A quick setting plaster applied over the undercoat plaster.

Adaptation
The ability of a substance or environment to change or modify based on temporary or a permanent change. Education Note Adaptation can temporarily occur in wet buildings where the interior environment becomes humidified for a short period of time. If the building is allowed to remain wet environmental changes may alter the building resulting in the building to adapt to its new environment. Persons occupying the wet building may feel the health effects of the environmental influences from fungi and other biological influences. Some persons may not experience the health effects while other persons may may not adapt to the previously flooded environment.

Addendum or Addendum to the Contract
A term phrase or paragraph of the contract which alters or changes specific portions of the contract. An addendum may be an addition deletion or modification of a particular contract provision. See Change Order

Addition
A term phrase or paragraph of the contract which modifies the contract to add items in the contract through a change order. See Addendum Change Order

Addition
An expansion to an already existing structure generally an increase of floor wall or room space that will increase the total volume of the structure.

Additional Living Expenses
In residential insurance policies it is that portion of the insurance contract that allows for the insured to temporarily relocate because of a damage disaster or health consequence caused by the dwelling from its damage. Education Note If a covered property loss makes the residential premises unfit to live in the policy typically covers the necessary increase in the living expense incurred by the insured so that the insured can maintain their normal standard of living. The insurance policy typically pays for the shortest time needed to a repair or replace the damaged property or b permanently relocate but in no event for more than 12 months.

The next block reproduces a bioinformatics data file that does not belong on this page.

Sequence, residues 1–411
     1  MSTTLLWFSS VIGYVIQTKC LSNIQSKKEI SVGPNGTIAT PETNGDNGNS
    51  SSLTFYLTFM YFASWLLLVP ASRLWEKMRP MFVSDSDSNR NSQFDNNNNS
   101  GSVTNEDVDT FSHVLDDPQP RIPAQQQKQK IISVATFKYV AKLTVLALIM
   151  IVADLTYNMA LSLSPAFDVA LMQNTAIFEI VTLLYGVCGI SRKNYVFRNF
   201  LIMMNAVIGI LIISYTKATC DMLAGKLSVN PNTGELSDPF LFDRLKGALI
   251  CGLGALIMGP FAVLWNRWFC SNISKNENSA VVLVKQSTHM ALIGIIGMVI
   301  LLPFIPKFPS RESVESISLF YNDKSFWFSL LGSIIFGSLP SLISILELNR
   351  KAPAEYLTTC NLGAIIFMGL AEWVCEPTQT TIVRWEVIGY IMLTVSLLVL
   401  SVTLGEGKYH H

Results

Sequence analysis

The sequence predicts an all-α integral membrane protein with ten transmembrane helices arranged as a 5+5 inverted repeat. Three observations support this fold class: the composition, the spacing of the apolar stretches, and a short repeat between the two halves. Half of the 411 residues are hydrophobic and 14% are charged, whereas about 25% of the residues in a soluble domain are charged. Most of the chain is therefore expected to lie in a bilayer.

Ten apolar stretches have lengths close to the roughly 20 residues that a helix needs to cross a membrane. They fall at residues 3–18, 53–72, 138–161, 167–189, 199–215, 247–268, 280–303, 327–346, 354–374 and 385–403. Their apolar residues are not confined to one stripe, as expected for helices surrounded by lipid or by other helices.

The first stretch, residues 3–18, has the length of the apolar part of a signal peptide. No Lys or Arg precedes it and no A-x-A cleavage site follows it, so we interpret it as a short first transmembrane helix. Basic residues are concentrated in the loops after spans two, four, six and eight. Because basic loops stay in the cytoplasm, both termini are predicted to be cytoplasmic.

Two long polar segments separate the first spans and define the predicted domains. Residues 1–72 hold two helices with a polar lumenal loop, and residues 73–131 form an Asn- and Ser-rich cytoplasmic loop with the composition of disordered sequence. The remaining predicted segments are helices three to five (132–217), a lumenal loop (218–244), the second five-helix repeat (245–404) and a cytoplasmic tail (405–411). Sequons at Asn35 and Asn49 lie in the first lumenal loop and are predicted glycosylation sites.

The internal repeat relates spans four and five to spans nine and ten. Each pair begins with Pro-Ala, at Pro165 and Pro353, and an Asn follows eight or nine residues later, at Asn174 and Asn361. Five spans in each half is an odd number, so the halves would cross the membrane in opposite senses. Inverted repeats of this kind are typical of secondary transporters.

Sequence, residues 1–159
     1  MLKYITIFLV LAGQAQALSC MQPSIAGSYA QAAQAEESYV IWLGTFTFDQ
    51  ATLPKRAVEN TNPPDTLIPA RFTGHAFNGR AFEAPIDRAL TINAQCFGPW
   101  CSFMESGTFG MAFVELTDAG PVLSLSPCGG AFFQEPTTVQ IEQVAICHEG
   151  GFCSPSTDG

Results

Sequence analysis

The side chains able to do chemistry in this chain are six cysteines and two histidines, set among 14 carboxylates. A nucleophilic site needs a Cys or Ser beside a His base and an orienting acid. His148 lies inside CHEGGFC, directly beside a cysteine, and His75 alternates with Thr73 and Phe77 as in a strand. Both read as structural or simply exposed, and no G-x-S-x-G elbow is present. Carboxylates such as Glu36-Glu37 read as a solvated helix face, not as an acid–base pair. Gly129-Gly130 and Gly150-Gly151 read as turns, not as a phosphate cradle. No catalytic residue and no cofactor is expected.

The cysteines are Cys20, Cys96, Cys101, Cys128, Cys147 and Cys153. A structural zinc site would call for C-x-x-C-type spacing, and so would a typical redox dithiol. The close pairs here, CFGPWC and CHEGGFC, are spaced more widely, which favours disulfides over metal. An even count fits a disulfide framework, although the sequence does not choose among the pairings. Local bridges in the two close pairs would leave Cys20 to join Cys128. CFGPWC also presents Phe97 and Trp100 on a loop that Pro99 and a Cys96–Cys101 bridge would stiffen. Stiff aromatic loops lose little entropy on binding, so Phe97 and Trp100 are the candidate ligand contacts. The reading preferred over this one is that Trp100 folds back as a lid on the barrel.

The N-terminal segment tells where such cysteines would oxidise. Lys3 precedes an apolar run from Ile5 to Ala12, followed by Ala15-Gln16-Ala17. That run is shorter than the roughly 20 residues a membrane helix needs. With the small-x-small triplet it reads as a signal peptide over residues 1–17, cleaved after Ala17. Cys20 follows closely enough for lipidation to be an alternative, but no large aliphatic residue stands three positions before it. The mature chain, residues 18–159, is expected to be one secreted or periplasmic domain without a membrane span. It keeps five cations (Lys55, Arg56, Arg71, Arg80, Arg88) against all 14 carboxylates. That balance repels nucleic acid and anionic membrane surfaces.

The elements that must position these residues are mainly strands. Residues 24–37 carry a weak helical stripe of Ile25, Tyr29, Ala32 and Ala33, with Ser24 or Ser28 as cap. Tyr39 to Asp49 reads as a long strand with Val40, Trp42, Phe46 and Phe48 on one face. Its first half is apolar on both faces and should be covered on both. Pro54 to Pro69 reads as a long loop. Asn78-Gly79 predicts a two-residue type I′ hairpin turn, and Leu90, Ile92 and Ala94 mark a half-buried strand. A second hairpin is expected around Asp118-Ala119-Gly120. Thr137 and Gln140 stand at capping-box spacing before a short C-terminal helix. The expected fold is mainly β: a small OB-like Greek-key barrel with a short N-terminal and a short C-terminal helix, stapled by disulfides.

Adhesion
The ability of a material to adhere and bond to another surface or material usually with a chemical binder or adhesive. Education Note In painting for example the adhesion increases as the surfaces are able to molecularly bond with each other.

Adhesion loss of
The resistance to delaminate or separate from one or more layers resulting in a loss of bonding strength.

Adhesive
A chemical substance used to bond materials together. In most carpets which have backings adhesives are applied between the primary and secondary backing. In plywood adhesives are used to bond layers of wood together. Often adhesives are stronger than the materials they hold or bond together while in other instances the loss of adhesion strength by the adhesive results in delamination or loss of structural integrety of the material.

Adiabatic